Tripton, trophic state metrics, and near-shore versus pelagic zone responses to external loads in Cayuga Lake, New York, U.S.A.
Effler, Steven W.; Prestigiacomo, Anthony R.; Matthews, David A.; Gelda, Rakesh K.; Peng, Feng; Cowen, Edwin A.; Schweitzer, Seth A.
published: Sep 1, 2010
ArtNo. ESP141017801001, Price: 29.00 €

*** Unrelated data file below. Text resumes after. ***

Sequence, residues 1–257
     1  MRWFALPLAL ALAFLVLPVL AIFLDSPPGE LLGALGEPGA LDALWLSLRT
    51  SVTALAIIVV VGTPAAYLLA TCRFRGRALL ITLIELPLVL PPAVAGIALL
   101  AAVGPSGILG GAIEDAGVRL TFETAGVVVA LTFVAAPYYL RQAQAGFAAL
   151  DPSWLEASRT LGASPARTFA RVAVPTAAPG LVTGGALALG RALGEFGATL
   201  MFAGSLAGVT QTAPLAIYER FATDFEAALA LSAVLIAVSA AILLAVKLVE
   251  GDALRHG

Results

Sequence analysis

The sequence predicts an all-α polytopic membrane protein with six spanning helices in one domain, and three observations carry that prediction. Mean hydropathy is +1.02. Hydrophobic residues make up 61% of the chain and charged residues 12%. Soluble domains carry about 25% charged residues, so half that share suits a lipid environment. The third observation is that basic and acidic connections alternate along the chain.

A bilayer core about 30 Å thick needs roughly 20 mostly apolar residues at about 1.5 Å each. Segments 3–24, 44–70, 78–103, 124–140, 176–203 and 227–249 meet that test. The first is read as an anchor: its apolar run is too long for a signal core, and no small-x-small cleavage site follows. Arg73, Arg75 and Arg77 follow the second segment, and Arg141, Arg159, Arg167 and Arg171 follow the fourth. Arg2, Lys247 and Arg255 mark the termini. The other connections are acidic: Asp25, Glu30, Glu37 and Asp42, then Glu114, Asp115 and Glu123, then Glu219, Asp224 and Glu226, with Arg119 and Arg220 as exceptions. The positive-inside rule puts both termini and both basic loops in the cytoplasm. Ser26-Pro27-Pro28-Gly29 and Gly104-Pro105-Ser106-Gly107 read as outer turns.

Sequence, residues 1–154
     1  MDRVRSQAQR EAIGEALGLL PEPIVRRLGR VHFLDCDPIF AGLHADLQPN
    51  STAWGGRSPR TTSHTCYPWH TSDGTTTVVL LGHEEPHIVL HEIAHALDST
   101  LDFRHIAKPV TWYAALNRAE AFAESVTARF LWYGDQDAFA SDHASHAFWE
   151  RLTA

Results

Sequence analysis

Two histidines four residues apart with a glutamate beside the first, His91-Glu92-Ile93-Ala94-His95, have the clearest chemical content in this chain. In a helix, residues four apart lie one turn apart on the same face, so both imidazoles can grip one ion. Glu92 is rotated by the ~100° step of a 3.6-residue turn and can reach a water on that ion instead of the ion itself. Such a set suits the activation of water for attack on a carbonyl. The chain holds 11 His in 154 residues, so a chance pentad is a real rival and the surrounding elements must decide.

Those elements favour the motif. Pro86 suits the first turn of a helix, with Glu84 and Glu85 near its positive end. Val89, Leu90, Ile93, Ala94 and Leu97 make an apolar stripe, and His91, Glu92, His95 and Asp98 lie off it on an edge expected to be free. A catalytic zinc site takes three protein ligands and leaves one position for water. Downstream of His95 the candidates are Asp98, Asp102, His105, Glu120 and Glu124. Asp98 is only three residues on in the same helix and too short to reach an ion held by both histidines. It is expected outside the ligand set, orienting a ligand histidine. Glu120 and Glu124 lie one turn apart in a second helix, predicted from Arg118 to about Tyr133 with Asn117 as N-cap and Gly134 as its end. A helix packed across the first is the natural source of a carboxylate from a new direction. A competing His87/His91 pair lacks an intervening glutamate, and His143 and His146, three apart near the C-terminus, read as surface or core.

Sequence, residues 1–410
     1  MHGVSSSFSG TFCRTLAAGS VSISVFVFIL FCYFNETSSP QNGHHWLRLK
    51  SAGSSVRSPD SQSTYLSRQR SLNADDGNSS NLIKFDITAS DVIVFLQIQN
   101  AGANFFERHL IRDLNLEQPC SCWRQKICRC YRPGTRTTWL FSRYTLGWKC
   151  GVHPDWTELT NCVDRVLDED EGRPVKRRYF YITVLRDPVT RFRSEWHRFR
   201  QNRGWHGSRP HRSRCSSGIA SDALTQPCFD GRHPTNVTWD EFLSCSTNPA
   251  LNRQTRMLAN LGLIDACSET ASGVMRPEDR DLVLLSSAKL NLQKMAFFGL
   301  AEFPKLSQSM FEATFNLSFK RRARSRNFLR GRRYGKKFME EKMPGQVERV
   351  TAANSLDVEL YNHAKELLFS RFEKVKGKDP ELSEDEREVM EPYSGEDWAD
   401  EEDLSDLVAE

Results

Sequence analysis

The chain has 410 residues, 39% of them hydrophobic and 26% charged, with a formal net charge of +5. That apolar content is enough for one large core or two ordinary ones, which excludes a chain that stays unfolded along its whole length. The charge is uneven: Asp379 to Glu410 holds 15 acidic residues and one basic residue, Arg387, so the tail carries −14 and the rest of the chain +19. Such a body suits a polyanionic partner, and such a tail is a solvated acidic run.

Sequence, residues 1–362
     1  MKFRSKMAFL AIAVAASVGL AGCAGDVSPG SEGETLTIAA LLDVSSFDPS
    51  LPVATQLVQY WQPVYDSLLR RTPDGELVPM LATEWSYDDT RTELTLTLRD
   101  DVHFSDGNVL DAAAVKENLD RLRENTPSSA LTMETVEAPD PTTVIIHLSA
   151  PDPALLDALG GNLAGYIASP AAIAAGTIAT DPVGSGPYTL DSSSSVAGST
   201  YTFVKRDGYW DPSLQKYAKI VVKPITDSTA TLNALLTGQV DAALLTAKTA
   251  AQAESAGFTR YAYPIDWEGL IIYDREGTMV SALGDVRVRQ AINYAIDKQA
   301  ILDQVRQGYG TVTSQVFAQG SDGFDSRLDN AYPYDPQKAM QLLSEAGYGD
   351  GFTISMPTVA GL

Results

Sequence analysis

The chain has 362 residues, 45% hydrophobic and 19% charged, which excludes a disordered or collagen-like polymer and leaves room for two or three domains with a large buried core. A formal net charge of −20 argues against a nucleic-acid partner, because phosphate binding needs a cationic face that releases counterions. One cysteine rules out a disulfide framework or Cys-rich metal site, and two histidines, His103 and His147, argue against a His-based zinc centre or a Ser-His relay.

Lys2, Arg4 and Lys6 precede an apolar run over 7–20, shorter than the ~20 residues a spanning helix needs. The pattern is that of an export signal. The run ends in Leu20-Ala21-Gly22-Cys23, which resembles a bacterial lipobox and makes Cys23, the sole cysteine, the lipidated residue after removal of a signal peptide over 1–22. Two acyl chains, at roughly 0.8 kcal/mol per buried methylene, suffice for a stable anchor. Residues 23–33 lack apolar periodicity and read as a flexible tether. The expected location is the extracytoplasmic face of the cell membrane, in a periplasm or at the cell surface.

An analysis of limnological and input monitoring data for Cayuga Lake, New York, U.S.A., is presented that addresses differences in trophic state metrics and turbidity between pelagic waters and a shallow (<6 m) near-shore area (shelf) that receives multiple inputs. the effects of tripton (inanimate particles) on the observed patterns, and the contrasting responses of the shelf to local inputs of tripton versus phosphorus (p), are demonstrated. the analysis is based on a combination of long-term monitoring and shorter-term studies, including: (1) 10 to 20 years of concentrations of chlorophyll-a (Chl), total P (TP), and other forms of P; (2) 10 years of Secchi disc (SD) and surrogates of the light scattering coefficient, including turbidity (Tn) and the beam attenuation coefficient at 660 nm [c(660)]; (3) loading estimates of Tn and forms of P in point sources and tributaries to the shelf (4 to 10 y) and; (4) longitudinal patterns of thermal stratification, fluorometric Chl, and c(660) from a lake-wide 40 site transect; and (5) 10 years of hourly measurements of near-surface temperature on the shelf. The generally higher TP, particulate P, c(660), and Tn, and lower SD on the shelf compared to pelagic waters, particularly after runoff events, is shown to reflect higher tripton levels in the near-shore area. Tripton was also an important regulator of these attributes in pelagic waters. The effects of tripton compromise TP and SD as trophic state metrics in this lake. The light scattering and clarity impacts of tripton are demonstrated to be primarily attributable to clay mineral particles in the 1-10 μm size range. Despite the P loads received from local sources, summer average Chl levels on the shelf were not significantly higher than in bounding pelagic waters because the flushing rate associated with mixing processes, particularly from seiche activity, was high compared to phytoplankton growth rates.